I was recently taking a look at the list of largest banks in the world (by total assets). And I was surprised to see that four out of the top five banks were Chinese. However, 15 years ago in the 2003 list of largest banks, not even a single Chinese bank made it into the top 20 largest banks! What seems more interesting is that all these four banks in China are owned and operated by the Government.
These four global banking behemoths of China are the Bank of China (2611 billion USD), China Construction Bank Corporation (2815 billion USD), Agricultural Bank of China (3016 billion USD), and the Industrial and Commercial Bank of China (3473 billion USD). Additionally, 12 Chinese banks figure in the top 50, and 18 in the top 100.
On the other hand in India, the largest bank – State Bank of India (420 billion USD), is a 100 billion USD short of securing a spot in the top 50 list! The next largest banks – which are both private sector banks – HDFC (130 billion USD) and ICICI Bank (120 billion USD), are a long shot from even SBI!
This gargantuan disparity between the sizes of banks in India and China got me thinking about why our banks were so small in comparison to those in China. I then thought if there was any observable correlation between the GDP of a country and the asset sizes of its banks in the top 50.
Let alone China – banks from European countries with sizes smaller than our states, populations a fraction of ours, and in some cases with economies (in terms of GDP) lower than ours, also outsize Indian banks by significant multiples. For example, the Deutsche Bank in Germany, UBS and Credit Suisse in Switzerland, Banco Santander in Spain, Barclays in the United Kingdom and UniCredit in Italy all figure well into the top 50 list unlike any Indian Bank.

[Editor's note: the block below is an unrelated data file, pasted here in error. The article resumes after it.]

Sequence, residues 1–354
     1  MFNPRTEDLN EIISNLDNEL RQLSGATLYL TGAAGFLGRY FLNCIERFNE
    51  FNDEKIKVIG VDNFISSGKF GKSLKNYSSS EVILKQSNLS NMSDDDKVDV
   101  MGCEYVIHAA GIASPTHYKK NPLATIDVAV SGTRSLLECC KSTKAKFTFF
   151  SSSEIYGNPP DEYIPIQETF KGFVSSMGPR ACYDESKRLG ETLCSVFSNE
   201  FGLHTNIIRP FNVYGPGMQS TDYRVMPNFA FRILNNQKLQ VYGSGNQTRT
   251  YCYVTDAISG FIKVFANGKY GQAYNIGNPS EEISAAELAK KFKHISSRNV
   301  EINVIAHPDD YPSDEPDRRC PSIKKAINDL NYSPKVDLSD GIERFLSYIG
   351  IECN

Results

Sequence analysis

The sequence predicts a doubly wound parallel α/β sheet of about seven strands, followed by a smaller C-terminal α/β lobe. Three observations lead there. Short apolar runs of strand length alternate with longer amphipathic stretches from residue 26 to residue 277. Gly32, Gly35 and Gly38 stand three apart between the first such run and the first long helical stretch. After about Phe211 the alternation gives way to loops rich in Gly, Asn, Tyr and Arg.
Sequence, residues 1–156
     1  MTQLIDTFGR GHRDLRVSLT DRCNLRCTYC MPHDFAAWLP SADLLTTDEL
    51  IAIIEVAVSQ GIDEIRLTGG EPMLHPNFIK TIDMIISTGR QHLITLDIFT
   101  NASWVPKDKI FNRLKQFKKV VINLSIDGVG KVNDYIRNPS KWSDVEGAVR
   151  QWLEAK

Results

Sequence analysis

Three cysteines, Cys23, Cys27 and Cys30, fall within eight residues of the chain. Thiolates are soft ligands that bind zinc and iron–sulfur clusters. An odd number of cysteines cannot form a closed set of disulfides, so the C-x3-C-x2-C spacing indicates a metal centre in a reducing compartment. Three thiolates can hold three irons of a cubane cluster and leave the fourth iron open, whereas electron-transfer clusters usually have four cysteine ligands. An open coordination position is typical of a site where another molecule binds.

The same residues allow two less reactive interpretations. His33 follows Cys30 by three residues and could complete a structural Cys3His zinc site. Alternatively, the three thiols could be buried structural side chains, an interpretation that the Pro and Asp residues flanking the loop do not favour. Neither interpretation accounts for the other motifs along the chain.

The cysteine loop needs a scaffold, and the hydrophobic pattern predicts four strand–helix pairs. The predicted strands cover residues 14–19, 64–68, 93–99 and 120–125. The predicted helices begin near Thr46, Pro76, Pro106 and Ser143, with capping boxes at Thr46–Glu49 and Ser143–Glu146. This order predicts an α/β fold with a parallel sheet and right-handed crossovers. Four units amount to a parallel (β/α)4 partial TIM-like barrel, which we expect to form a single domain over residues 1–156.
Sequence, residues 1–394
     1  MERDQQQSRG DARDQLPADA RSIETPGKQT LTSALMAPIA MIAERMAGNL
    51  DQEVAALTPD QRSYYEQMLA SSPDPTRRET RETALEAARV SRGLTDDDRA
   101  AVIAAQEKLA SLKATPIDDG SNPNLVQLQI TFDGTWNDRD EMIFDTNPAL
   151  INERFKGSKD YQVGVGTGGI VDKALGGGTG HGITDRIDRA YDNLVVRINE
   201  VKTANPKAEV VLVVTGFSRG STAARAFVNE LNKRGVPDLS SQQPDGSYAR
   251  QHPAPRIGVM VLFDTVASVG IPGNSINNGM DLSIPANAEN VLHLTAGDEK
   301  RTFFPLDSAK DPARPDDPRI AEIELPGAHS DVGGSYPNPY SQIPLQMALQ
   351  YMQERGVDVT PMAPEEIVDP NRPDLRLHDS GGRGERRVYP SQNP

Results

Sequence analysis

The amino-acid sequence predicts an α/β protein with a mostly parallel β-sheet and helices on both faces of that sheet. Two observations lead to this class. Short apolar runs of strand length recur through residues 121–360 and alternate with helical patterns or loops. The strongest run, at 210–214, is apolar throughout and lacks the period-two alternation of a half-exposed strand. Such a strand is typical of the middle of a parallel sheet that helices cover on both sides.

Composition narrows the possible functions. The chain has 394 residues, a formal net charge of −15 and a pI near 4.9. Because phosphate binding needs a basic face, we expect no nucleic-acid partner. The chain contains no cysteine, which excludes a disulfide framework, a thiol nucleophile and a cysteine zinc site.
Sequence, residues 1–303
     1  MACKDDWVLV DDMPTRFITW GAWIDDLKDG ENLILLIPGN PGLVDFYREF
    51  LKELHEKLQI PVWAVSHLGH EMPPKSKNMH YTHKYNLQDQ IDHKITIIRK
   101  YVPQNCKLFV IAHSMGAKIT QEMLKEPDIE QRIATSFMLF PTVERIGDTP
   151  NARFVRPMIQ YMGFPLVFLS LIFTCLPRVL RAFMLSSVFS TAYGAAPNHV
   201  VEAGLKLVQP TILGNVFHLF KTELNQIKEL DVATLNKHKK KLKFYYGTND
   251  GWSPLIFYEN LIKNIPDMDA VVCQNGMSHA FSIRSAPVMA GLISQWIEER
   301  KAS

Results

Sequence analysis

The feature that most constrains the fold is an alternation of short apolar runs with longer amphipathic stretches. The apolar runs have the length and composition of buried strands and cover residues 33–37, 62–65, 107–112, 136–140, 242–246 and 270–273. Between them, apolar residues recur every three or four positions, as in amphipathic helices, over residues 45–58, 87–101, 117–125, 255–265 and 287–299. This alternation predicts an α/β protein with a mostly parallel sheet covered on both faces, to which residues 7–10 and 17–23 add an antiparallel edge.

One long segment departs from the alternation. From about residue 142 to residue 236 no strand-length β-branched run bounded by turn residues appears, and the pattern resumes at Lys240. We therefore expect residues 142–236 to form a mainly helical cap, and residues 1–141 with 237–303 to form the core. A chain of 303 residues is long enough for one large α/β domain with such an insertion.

Here is a table collating key data points for each of the top 50 banks for 2017. Source: S&P Global Market Intelligence, 2017 – The World’s Largest Banks:
|Rank||Bank Name||Asset Size ($B)||Country||GDP ($B)|
|1||Ind’l and Commercial Bank of China||3473||China||11,938|
|2||China Construction Bank Corp.||3016||China||11,938|
|3||Agricultural Bank of China||2816||China||11,938|
|4||Mitsubishi UFJ Financial Group||2626||Japan||4,884|
|5||Bank of China||2611||China||11,938|
|6||JPMorgan Chase & Co.||2500||USA||19,362|
|7||HSBC Holdings PLC||2374||UK||2,565|
|9||Bank of America||2188||USA||19,362|
|10||Wells Fargo & Co.||1930||USA||19,362|
|13||Mizuho Financial Group||1752||Japan||4,884|
|15||Sumitomo Mitsui Financial Group||1649||Japan||4,884|
|20||Bank of Communications||1209||China||11,938|
|21||Postal Savings Bank of China||1189||China||11,938|
|22||Lloyds Banking Group||1010||UK||2,565|
|23||Royal Bank of Scotland Group||986||UK||2,565|
|25||Toronto-Dominion Bank (TD Bank)||929||Canada||1,640|
|27||Royal Bank of Canada||892||Canada||1,640|
|29||Industrial Bank (China)||872||China||11,938|
|32||China Merchants Bank||855||China||11,938|
|33||China CITIC Bank||855||China||11,938|
|34||China Minsheng Bank||848||China||11,938|
|35||Shanghai Pudong Dev. Bank||843||China||11,938|
|39||Banco Bilbao Vizcaya Argentaria||772||Spain||1,307|
|42||ANZ Banking Group||700||Australia||1,390|
|48||National Australia Bank||595||Australia||1,390|
|49||China Everbright Bank||578||China||11,938|
|IMF Rank 2017||Country||No. of banks in Top 50||GDP ($B)|
GDP Data Source: International Monetary Fund, 2017 – http://bit.ly/2GWSSPG
When I look at this data, it opens up a number of questions for me which I would like to understand.
- Have big banks globally been able to reach their scale as a result of their market dominance or because of the policies and regulations in their original countries?
- Is it even important to have big banks in a country?
- Why are Indian banks so small compared to banks in other countries despite the relatively significant size of the Indian economy?
- Does the small size of Indian banks mean anything negative for our country?
- What are the various things which can be done to increase the sizes of Indian banks?
- Between PSU banks and private sector banks, which one is more poised to grow to a larger size over the next few years?
In my next post I will share an interview with an expert who can help us understand this better.